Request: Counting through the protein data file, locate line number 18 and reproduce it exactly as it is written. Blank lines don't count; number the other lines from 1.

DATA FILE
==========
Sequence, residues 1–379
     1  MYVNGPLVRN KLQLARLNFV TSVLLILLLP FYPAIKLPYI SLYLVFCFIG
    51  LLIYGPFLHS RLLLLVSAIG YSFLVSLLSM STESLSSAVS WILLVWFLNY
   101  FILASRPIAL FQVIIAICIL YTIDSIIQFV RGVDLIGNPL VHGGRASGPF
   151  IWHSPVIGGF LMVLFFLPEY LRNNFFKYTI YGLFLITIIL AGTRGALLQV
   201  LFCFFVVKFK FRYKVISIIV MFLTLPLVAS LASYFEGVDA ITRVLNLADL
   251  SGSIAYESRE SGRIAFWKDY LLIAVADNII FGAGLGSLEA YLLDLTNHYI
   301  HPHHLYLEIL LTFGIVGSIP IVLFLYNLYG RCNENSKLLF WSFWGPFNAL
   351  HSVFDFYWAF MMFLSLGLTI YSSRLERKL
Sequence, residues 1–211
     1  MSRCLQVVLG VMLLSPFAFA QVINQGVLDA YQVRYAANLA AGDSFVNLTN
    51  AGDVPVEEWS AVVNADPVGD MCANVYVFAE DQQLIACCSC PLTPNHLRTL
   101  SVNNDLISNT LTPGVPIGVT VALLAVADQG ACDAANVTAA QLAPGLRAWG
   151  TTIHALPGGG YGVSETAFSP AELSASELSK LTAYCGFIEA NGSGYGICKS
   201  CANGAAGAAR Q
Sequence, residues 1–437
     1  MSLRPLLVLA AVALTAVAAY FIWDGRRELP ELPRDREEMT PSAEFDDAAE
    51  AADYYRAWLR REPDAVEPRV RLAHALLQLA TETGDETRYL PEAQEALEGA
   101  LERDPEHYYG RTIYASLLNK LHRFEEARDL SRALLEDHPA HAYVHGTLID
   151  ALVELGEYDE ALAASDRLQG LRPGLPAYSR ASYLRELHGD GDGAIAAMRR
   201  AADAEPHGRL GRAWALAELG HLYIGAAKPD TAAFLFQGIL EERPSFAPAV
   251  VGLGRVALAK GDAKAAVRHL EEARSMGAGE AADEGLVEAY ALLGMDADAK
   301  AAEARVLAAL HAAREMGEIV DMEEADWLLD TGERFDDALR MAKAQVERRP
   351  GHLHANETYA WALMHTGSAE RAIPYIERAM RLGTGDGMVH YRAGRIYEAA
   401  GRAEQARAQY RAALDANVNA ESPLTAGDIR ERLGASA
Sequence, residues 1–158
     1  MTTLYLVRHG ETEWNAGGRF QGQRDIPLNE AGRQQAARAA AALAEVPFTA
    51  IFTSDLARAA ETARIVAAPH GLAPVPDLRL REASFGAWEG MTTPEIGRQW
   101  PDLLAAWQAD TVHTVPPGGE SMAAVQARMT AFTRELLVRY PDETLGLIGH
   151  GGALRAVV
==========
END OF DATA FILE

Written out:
    51  AADYYRAWLR REPDAVEPRV RLAHALLQLA TETGDETRYL PEAQEALEGA